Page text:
What Fleet Owners Need to Know about ESG Reporting

The SEC’s new climate disclosure rule, proposed in March 2022, has paved the way for the broadest federally mandated corporate ESG data disclosure requirement ever. The rule would require public companies to provide certain climate-related financial data, and greenhouse gas emissions insights, in public disclosure filings. That has put pressure on a host of industries, including transportation, to seek faster ways to reduce emissions as investors, shippers and consumers demand more ESG reporting and greater sustainability measures.

Pressure Mounts to Lower Emissions, Report Results

Companies have stepped up their Environmental, Social and Governance (ESG) reporting, or sustainability reporting, as global climate change measures have increased the demand for industries to lower greenhouse gas (GHG) emissions. 

Companies deemed more socially responsible are now far more appealing to investors and consumers. In response to the global cry for serious climate change response, more than 300 businesses have taken the Climate Pledge, including those in the transportation industry, to achieve net-zero carbon emissions by 2040 across its operations. That’s a decade ahead of the Paris Agreement, which requires countries to reduce emissions by 45 percent by 2030 and reach net zero by 2050.

In the United States, the transportation industry stands as one of the leading contributors of air pollution. Carbon dioxide (CO2) creates the vast majority of GHG emissions and major sources of CO2 include fossil fuel combustion. In fact, although freight trucks make up only 10 percent of the vehicles on the road, they produce 25 percent of all greenhouse gas emissions.

Now trucking fleet operators are feeling the pressure to produce ESG reports, especially data around emissions, and work more quickly to lower emissions and reduce their carbon footprint.

So, What is ESG Reporting Again?

ESG impacts represent a fairly broad umbrella of activities, and fleet operators are already doing many things that qualify, including using alternative fuels, running newer, lower-emission trucks, using products and technology solutions that create better freight efficiency, and even using energy-saving and recycling efforts at trucking facilities.

Trucking companies also are monitoring their social impact, which takes into account people and culture. Employee engagement initiatives and better standards for drivers fall into this category, along with monitoring labor standards among suppliers, data protection and privacy, and gender and diversity.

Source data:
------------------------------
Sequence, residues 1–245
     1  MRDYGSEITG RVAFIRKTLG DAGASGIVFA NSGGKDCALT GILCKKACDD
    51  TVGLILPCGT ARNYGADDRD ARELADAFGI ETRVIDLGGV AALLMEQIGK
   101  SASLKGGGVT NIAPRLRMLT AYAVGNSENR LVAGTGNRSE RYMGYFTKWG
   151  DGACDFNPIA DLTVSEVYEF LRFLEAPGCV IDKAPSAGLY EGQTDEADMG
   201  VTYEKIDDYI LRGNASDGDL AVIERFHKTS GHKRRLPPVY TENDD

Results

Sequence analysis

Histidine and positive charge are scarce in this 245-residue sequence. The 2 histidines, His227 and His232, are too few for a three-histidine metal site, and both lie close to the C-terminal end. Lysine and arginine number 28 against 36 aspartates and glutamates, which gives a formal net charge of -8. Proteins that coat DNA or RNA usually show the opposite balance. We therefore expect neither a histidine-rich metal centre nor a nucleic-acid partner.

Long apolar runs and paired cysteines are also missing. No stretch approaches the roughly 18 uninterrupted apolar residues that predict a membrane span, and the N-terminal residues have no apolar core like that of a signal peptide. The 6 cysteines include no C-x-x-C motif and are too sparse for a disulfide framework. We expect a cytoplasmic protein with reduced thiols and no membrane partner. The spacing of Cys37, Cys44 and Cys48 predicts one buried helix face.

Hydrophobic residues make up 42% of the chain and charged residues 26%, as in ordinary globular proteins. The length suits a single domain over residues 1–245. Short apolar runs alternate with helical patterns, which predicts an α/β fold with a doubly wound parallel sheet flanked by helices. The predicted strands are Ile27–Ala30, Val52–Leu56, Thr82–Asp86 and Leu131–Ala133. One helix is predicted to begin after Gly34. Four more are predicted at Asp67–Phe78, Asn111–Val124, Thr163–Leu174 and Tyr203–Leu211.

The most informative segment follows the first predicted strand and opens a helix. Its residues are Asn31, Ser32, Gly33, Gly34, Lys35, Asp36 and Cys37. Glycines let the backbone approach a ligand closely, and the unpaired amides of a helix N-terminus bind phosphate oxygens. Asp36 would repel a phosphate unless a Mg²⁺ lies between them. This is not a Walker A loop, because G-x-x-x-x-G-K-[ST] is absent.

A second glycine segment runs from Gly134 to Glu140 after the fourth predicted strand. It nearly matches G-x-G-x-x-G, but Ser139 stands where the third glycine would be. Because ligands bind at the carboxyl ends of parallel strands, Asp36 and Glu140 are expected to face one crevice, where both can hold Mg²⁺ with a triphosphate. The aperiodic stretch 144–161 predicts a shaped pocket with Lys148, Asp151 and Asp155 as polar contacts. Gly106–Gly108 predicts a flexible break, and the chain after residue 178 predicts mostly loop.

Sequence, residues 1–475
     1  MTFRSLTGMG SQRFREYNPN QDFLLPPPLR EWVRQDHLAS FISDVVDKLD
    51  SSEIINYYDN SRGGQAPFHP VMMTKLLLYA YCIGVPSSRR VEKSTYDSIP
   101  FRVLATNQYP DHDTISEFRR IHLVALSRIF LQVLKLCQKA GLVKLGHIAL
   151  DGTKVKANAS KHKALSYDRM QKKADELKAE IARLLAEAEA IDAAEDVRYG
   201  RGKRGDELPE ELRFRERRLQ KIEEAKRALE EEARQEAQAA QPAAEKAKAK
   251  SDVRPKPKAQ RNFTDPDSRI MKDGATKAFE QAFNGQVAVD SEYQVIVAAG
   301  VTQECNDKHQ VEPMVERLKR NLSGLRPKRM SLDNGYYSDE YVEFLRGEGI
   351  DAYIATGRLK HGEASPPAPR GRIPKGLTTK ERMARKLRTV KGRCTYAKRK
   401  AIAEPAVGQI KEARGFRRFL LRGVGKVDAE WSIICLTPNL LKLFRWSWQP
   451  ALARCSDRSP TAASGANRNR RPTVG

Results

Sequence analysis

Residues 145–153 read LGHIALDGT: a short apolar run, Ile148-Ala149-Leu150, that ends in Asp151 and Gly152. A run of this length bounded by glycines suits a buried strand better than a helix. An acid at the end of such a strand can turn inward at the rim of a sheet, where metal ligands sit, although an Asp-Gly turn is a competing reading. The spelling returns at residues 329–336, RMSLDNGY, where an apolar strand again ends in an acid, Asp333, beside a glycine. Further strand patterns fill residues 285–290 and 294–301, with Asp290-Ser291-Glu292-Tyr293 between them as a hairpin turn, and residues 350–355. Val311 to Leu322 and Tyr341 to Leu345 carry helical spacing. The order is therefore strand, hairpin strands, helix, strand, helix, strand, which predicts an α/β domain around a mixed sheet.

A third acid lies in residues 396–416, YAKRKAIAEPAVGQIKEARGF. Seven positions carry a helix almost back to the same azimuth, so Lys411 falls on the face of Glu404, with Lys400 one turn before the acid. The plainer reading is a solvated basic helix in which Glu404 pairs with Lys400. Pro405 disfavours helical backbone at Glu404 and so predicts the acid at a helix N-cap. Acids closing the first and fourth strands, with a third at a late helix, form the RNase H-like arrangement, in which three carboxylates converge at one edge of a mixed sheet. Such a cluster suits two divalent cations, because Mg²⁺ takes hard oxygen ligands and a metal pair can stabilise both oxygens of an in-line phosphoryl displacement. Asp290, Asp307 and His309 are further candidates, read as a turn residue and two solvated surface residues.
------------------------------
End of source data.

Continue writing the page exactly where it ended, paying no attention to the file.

Good governance practices ensure transparency in operations and cover the procedures that help fleet owners stay ahead of violations, adopt sound internal systems of control, and maintain strong leadership.

ESG reporting makes public or available a list of Environmental, Social and Governance activities a transportation company is engaged in, and the impact those activites have had on reducing emissions. Socially responsible investors, shippers, and even consumers may use that data to make business, capital and purchasing decisions.

There is currently no law that mandates ESG disclosure for non-listed companies, but expectations have been raised for fleet operators and there are many ways to track ESG impacts. The three so-called pillars of ESG focus on people, process, and product.

Walmart Canada is offering carbon-neutral last mile delivery for e-commerce purchases. Ikea, which handles two million shipments a year, has set a goal to be climate positive by 2030 and has deployed transportation management systems to reduce trucking emissions. The retail giant has produced high-level reports describing activities related to its climate journey.

Trucking fleet operators also have Scope 1, 2 and 3 carbon emissions they can report and, by far, emissions controls and reductions remain the trucking industry’s largest focus when it comes to ESG reporting.

As Easy as Scope 1, 2 and 3

Source: https://pba.umich.edu/scopes-of-carbon-emissions-explained/

Tracking scope emissions opens ways to lower overall environmental impact and improve the bottom line.

Scope 1 emissions cover direct emissions generated from owned or controlled sources, including fleet fuel use.

Scope 2 emissions are indirect emissions from the generation of purchased energy, including from cooling systems, electricity, heating, and steam. Scope 3 emissions are the result of activities from assets not owned or controlled by the reporting organization, but that the organization indirectly impacts.

Scope 3 emissions could include those produced by business travel, employee commuting, waste disposal or the emissions generated by purchased goods and services or transportation and distribution.

Reporting results of emissions-reducing activities can be a part of good ESG reporting.

It’s Electric – The Promise of EV Looms, But What About Now?